Making MPs accountable not beholden

2009-01-17 00:00

South Africans are inordinately and rightly proud of their Constitution, which has kept democracy breathing in a country where the ruling party has an oppressive two-thirds parliamentary majority. Unfortunately, Parliament itself, as it is at present constituted, is nothing to be proud of.

Because parliamentarians are obligated to the party bosses who appoint them to the electoral lists, South Africa’s public representatives are generally a craven lot. They are mostly held in low esteem by the public.

When they are not cashing in fraudulent travel vouchers, or inflating their expenses, parliamentarians are best known for sleeping on the job. Literally and figuratively.

The parliamentary channel on television, designed to show that MPs are hard at work building the new South Africa, was controversial from the start. Parliamentarians became irate over the siting of the cameras because they mostly showed great expanses of benches, empty except for the occasional snoozing MP.

It is, however, in its oversight role that Parliament has been most dilatory and dozy. It failed dismally to rein in the executive, allowing former president Thabo Mbeki to bully it and ignore it in turn, abrogating all power to his office and rarely appearing within Parliament’s portals.

The opposition parties, especially the Democratic Alliance, have done their best to use the protection and public platform that Parliament provides to question, cajole and harass ministers, but to limited effect. With the connivance of docile African National Congress MPs, cabinet ministers treated the institution with disdain.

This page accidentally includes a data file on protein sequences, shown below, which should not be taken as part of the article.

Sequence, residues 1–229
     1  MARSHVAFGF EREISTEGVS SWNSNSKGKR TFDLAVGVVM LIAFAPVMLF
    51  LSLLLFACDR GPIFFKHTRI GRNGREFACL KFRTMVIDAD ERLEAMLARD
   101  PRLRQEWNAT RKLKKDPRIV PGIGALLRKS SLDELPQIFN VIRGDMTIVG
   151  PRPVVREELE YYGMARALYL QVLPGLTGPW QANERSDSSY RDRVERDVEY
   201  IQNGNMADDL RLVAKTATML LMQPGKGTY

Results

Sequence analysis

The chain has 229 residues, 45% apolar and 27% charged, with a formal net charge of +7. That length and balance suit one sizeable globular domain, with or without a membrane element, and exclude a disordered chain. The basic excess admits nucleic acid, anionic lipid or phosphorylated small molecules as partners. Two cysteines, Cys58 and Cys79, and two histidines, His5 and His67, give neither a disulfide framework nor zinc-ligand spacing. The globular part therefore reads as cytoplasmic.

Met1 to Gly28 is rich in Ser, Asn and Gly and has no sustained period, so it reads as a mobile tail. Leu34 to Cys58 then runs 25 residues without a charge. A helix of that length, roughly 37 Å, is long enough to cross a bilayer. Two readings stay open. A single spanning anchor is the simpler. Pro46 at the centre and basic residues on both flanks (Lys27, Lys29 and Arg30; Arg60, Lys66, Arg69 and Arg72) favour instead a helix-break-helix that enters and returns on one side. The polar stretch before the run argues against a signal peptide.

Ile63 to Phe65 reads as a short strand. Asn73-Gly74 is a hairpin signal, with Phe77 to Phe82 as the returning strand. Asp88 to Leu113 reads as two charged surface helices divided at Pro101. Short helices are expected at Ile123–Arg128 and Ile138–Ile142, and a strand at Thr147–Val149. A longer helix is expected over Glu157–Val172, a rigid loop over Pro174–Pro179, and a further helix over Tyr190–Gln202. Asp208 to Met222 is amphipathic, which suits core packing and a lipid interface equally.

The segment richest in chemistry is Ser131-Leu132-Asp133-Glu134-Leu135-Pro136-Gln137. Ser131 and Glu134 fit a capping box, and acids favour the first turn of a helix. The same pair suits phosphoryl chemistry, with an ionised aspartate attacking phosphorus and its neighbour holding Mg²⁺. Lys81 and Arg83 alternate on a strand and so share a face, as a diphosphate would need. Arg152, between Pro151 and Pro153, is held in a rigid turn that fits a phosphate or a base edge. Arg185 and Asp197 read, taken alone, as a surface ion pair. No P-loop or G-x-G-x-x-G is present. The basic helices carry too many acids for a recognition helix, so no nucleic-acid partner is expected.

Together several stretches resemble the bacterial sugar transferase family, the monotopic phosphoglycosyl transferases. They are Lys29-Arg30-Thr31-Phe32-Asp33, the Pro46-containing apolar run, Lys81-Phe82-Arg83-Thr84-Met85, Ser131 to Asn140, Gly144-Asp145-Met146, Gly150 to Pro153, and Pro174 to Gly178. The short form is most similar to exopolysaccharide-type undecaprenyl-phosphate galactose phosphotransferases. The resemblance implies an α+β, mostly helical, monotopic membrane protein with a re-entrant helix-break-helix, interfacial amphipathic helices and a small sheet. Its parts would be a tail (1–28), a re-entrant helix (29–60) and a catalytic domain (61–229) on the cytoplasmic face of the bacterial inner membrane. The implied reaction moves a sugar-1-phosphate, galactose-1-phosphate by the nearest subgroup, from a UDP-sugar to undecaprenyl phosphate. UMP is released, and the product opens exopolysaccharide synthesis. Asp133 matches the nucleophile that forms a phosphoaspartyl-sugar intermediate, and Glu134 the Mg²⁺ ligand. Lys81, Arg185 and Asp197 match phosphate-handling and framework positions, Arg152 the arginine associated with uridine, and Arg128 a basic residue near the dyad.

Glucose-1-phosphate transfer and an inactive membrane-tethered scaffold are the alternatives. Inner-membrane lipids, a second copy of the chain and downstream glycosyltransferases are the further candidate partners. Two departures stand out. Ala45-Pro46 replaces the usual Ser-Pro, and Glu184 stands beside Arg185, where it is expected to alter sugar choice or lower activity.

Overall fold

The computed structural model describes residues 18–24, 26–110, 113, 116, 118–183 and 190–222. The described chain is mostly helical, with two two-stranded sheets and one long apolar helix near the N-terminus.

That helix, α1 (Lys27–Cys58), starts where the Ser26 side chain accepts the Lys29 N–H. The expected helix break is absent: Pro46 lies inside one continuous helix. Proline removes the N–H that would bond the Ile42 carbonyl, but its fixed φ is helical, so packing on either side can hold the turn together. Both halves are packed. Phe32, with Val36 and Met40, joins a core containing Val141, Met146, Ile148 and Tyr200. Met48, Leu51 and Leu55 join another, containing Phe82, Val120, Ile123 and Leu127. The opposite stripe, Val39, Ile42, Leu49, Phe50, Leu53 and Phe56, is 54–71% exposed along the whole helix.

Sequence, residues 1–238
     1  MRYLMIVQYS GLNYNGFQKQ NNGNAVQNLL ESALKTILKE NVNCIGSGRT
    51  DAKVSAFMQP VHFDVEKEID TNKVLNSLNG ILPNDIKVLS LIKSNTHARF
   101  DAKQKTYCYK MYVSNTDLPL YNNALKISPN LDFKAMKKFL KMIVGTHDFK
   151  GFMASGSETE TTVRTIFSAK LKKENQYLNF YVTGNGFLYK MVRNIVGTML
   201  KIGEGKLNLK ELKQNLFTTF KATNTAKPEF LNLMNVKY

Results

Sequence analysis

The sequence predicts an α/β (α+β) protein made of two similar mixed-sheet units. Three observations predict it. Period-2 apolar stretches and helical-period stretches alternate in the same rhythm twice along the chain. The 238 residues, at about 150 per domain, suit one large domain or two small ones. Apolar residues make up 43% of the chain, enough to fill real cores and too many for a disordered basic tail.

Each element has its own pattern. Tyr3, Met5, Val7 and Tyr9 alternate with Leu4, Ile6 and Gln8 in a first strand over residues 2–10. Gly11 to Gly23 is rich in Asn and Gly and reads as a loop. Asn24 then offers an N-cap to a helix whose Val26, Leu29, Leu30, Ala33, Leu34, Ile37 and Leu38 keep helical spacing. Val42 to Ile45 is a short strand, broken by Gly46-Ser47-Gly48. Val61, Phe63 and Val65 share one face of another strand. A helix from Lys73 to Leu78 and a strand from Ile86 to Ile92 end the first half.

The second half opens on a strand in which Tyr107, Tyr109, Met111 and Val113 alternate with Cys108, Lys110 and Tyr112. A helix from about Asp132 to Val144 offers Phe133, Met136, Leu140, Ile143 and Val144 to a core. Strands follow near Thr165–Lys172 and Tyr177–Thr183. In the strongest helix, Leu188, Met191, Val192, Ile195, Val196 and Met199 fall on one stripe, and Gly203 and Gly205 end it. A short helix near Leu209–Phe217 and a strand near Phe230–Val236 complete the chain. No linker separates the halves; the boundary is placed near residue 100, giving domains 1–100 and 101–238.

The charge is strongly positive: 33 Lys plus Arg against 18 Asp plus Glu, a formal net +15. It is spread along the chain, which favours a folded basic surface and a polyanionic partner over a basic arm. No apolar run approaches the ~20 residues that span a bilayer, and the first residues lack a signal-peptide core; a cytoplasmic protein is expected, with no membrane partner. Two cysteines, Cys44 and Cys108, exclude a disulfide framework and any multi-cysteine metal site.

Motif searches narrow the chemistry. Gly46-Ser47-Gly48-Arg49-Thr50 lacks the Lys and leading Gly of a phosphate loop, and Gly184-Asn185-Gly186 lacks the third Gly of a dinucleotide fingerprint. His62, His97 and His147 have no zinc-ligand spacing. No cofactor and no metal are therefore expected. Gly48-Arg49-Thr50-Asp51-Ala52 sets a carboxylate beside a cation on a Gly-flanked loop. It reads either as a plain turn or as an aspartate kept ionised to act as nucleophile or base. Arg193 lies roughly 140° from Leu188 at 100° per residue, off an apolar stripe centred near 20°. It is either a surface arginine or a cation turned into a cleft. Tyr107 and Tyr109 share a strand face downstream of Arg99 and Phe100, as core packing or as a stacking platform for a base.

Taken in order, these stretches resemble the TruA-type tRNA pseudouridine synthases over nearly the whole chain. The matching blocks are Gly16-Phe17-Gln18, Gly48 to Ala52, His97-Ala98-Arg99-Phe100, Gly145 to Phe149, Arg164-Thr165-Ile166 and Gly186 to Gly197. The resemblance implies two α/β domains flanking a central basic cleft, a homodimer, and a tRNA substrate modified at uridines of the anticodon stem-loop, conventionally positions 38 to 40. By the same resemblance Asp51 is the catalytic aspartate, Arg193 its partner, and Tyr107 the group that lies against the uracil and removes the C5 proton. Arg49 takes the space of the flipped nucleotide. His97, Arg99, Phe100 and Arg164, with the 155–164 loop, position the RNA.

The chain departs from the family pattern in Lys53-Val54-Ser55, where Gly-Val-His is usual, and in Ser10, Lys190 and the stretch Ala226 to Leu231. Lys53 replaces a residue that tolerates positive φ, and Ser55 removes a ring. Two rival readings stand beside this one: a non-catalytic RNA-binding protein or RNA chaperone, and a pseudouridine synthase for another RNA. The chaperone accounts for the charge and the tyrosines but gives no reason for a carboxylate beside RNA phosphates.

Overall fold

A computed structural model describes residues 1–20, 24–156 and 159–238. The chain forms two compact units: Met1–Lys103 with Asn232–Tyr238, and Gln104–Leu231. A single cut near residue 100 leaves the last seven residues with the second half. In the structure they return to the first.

Until now, this has been exactly the way that the ANC government has liked things to be. Although two investigations were ordered into the workings of Parliament during the Mbeki era — the Frederik van Zyl Slabbert Commission into improving the electoral system and academic Hugh Corder’s report on parliamentary oversight — their findings were ignored.

For any of this to change, the ANC had to change. It had to realise that a slavish Parliament was not only damaging the national interest, but it was also bad for the party itself. Not until the putsch at Polokwane was this brought home to the ANC. It is significant that it was the ANC membership within the party structures that rebelled against the Mbeki administration’s authoritarianism, not the ANC MPs.

The difference between the rebellious branch delegates to the party’s Polokwane conference and the ANC parliamentary lambs was simple: the former were accountable to the membership that elected them; the latter are beholden to the party bosses who compile the party list.

Suddenly a robust Parliament has, apparently, become attractive to the ANC.

A panel of the great and the good this week reported on how the parliamentary system could be improved in order to strengthen democracy.

If their recommendations are accepted, and the presence of ANC notables on the panel makes this more likely than before, the most important change will be in the electoral system. The panel agreed that there should be a combination of proportional representation and a constituency system — weakening the power of the party bosses — to ensure greater accountability.

The Speaker will no longer be a party apparatchik, Parliament will contrive “to improve the quality and substance of debate”, it will tackle cabinet ministers about questions left unanswered and crooks will be banished.

All pretty obvious stuff. Whether it happens or not depends on the new parliamentarians elected later this year having the courage to place the broader interests of the people above the demands of the party bosses.

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